Theatre critic's view: Sir Ian McKellen improvises as Miranda floats past during the Paralympics opening ceremony
Thursday 30 August 2012
Ian McKellen stepped forward as Prospero after Rihanna's shower power and a tempest of electric light rain that would make up for all that dryness in the warm-up Olympics.
But he'd lost his script, so he improvised a modern imprecation, telling his daughter, Miranda, floating by in a flying wheelchair, to "go out into the world…and shine your light on to the beautiful diversity of humanity".
It was literate, but it wasn't Shakespeare. And – sorry to be a party-pooper at the friendly games – it was, well, a bit banal.
Sir Ian remained in long shot and didn't act remotely sonorous, which was something. Perhaps he was in a sulk: Prospero's lines had been nicked, after all, at last month's opening ceremony by Ken Branagh.
Miranda's brave new world was a place where she would take the journey for all of us and set us free, whereas Prospero would stay where he was; he's only freed by our indulgence at the end of the play.
Perhaps Sir Ian – who coincidentally played the first dramatic role broadcast on Channel 4, and a disabled one at that, in a film called Walter – made a point in playing only a walk-on part.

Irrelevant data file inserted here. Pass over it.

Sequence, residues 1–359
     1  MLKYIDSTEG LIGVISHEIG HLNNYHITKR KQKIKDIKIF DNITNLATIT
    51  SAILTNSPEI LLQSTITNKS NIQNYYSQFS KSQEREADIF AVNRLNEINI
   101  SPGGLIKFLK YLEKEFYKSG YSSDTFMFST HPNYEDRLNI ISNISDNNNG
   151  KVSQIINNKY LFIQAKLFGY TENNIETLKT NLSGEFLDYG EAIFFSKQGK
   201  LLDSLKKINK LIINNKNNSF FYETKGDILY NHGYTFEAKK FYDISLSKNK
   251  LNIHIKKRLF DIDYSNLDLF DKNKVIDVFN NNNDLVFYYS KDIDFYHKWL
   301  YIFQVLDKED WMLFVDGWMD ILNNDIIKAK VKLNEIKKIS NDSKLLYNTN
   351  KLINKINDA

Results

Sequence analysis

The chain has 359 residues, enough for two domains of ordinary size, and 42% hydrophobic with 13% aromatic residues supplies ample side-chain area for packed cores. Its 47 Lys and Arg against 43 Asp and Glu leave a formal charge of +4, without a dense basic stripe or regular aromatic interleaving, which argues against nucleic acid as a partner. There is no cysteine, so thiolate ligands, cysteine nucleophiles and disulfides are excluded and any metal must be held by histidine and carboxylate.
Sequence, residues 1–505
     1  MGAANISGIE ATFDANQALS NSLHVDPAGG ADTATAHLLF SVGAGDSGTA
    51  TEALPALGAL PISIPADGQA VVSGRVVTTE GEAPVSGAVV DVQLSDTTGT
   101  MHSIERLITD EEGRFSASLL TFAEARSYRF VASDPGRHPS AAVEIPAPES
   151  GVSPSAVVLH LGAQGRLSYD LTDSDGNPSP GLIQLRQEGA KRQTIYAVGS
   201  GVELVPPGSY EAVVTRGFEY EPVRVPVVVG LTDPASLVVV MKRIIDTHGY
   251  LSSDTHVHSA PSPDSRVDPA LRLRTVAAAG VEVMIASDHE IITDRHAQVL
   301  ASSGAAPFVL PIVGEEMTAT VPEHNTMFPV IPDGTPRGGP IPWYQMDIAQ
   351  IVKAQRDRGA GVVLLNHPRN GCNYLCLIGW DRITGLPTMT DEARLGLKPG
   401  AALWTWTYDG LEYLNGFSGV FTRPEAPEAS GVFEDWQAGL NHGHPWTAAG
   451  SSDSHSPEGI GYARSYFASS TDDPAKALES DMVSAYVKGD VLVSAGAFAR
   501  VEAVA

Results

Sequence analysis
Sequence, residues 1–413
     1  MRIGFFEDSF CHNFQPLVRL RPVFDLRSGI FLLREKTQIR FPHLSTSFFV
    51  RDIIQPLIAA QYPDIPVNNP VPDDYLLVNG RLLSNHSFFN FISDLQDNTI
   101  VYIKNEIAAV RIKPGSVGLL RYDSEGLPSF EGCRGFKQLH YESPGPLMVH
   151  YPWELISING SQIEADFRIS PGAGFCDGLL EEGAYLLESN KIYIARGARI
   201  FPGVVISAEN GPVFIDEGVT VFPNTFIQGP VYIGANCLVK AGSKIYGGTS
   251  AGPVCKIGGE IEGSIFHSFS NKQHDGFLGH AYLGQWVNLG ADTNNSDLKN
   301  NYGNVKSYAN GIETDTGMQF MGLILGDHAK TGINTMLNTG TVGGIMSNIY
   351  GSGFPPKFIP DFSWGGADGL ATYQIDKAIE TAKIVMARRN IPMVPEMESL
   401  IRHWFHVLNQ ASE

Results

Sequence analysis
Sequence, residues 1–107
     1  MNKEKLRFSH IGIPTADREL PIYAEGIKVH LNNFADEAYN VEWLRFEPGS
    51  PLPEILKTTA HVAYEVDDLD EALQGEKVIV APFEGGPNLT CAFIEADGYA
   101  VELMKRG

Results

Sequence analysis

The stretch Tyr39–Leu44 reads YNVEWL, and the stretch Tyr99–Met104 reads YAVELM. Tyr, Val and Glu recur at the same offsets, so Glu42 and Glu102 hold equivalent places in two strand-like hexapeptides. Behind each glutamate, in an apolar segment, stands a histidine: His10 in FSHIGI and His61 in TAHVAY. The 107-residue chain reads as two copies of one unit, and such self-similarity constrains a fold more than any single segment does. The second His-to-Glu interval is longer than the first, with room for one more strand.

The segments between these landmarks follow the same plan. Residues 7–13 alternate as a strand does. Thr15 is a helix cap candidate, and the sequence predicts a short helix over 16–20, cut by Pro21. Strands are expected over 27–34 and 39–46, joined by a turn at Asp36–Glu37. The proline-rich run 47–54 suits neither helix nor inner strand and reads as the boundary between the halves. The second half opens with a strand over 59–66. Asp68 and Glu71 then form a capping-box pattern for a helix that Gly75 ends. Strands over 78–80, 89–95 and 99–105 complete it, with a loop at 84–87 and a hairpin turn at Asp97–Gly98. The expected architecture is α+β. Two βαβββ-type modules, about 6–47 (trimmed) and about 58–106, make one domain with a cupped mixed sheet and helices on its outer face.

The leading players on this occasion are those who can't always walk. "For those who can, please stand for the National Anthem," asked the announcer.
Stephen Hawking backed up Sir Ian by commanding Miranda to "be curious".
She looked gobsmacked by the huge model representations of Isaac Newton's apple, the Universal Declaration of Human Rights and a shivering, coloured glass and brolly tribute to the Higgs particle.
Paul Scholes: Emirates was the easy option for Mesut Ozil. He needs a leader - and Arsenal don't have them
Gareth Bale reveals the two things he hates about Real Madrid: 'Getting nutmegged and Spanish spiders'
Frank Warren column: Amir Khan ready to meet winner of Floyd Mayweather v Manny Pacquiao
Cristiano Ronaldo shows off his dance moves, including the moonwalk
Terminally-ill Club Brugge fan Lorenzo Schoonbaert delays euthanasia appointment to see his beloved football club 'win one last time'
- 1 Autism 'caused by genetics', study suggests
- 2 What happens to your body when you give up sugar?
- 3 Why you should never make assumptions about people with autism
- 4 Tourist films plane's descent just metres above packed Caribbean beach
- 5 Have sex with your iPad thanks to the new sex toy no-one asked for
Durham Free School: 'Creationism taught at' free school facing closure
Nearly 100,000 of Britain's poorest children go hungry after parents' benefits are cut
End of the licence fee: BBC to back radical overhaul of how it is funded
Ex-head of MI6: 'We shouldn't kid ourselves that Russia is on a path to democracy'
Most people think legal tax avoidance is just as wrong as illegal tax evasion, poll suggests
Nigel Farage promises Ukip will not 'stigmatise' would-be migrants – and says he wants 'everyone to speak the same language'